A city didn’t violate its employees’ right to medical confidentiality by making them provide a doctor’s note when coming back from sick leave, a federal appeals court ruled recently.
The city of Columbus, Ohio had adopted a policy demanding that police department employees who took sick leave give supervisors a physician’s note stating the “nature of the illness” and whether the worker could return to regular duty.
Several employees sued, arguing that the policy violated patient confidentiality rules under the Americans with Disabilities Act.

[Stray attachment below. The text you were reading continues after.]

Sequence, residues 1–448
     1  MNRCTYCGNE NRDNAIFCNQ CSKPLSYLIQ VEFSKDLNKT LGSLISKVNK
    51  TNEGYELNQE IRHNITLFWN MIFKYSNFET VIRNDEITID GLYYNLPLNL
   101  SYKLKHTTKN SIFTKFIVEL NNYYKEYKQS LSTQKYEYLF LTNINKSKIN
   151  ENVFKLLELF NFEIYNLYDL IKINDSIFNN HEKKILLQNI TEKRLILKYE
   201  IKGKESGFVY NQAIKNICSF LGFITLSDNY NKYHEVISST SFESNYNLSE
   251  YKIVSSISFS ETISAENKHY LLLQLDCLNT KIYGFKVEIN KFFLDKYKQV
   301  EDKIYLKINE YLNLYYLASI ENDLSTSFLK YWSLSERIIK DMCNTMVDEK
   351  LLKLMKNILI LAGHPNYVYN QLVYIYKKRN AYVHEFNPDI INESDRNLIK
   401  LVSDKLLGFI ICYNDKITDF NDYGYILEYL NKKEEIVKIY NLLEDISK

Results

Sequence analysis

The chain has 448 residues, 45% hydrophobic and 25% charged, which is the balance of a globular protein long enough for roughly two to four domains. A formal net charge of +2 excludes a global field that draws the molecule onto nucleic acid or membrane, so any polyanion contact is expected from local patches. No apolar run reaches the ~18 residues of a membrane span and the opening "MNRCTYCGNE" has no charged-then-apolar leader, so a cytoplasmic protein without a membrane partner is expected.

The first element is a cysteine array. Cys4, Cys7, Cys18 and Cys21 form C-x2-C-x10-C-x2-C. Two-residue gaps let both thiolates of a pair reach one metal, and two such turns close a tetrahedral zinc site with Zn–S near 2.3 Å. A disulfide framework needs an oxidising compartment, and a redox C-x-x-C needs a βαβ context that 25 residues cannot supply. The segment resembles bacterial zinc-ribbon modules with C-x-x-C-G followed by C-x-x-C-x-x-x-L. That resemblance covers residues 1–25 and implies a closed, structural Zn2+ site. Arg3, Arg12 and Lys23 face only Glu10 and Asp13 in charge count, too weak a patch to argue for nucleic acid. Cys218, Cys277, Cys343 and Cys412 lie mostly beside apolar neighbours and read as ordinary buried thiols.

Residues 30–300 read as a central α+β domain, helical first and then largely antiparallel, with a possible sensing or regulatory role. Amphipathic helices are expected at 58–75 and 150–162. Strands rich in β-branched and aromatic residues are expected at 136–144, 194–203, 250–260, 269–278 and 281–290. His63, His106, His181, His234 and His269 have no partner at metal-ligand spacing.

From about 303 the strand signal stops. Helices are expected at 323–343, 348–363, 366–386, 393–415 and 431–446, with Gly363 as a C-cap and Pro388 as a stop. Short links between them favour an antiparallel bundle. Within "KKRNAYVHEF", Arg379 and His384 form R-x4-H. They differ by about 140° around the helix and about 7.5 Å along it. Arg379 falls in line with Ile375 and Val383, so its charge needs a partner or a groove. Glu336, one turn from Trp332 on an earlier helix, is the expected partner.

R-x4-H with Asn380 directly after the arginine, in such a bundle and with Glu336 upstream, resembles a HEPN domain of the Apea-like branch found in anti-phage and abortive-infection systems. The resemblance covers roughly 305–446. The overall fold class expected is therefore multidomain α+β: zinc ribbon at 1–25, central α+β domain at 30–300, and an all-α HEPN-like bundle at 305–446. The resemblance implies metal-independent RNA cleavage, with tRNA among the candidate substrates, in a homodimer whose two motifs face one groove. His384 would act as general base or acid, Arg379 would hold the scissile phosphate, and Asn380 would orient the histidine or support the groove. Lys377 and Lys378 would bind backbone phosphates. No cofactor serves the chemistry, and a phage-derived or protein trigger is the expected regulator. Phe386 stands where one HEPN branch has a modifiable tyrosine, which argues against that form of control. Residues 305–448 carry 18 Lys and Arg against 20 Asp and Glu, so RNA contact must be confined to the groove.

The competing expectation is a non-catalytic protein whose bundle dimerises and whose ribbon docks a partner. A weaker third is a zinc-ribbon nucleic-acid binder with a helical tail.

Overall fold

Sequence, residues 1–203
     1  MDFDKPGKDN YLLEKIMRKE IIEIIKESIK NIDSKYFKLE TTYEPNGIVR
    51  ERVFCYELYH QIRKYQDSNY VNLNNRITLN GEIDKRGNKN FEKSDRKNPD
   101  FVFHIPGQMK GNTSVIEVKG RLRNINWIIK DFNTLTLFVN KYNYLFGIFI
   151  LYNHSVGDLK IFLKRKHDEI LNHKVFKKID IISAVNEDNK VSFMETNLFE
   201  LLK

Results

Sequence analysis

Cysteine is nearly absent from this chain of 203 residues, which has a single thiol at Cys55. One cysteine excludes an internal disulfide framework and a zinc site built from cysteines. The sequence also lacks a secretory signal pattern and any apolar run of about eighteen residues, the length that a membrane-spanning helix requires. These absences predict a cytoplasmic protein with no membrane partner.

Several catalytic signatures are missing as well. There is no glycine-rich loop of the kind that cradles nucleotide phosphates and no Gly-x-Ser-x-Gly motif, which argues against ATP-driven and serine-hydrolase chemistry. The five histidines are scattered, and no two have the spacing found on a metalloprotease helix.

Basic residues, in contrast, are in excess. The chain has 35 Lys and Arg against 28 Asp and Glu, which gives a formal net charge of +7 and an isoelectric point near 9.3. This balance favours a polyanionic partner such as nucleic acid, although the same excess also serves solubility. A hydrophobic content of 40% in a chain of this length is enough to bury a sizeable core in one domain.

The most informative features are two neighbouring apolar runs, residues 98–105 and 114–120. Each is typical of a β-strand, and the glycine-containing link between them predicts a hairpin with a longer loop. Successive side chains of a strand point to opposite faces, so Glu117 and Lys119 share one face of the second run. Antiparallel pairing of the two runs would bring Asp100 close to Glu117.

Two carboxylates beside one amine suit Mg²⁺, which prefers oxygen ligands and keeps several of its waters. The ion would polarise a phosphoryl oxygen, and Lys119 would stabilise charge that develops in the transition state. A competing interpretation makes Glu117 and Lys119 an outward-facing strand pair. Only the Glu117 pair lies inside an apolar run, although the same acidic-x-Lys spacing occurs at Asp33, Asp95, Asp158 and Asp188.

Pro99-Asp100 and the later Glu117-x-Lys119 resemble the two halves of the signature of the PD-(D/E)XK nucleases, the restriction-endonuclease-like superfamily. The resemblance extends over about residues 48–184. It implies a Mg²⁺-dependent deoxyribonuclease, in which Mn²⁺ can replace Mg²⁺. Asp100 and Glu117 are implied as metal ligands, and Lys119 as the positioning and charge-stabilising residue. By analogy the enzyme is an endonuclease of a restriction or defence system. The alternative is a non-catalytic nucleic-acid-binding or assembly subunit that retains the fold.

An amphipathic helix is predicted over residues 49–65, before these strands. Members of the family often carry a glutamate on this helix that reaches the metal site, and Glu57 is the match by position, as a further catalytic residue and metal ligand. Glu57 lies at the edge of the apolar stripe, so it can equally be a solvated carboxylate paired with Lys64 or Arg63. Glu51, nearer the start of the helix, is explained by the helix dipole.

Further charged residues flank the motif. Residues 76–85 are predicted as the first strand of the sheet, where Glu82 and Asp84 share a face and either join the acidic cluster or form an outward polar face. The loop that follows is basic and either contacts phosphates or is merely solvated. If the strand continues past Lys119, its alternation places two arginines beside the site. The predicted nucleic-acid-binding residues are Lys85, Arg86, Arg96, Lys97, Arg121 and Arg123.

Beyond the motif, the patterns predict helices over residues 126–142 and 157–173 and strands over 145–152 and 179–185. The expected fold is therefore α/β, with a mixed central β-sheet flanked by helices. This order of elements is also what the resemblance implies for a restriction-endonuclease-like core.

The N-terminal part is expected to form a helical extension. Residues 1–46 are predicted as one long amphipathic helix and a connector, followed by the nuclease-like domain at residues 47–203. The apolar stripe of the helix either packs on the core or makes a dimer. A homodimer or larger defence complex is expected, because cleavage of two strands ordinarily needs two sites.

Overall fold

But the court said a request for a general diagnosis or a statement about the “nature” of an illness was okay, and didn’t create the same sort of confidentiality concerns as asking about specific prescription medications, past illnesses, or other disabilities.
This is a very tricky area. Employers should generally speak with an employment law attorney before adopting such a policy, and employees should also talk with an attorney if they feel they’re being compelled to disclose medical data that could be embarrassing or hurtful.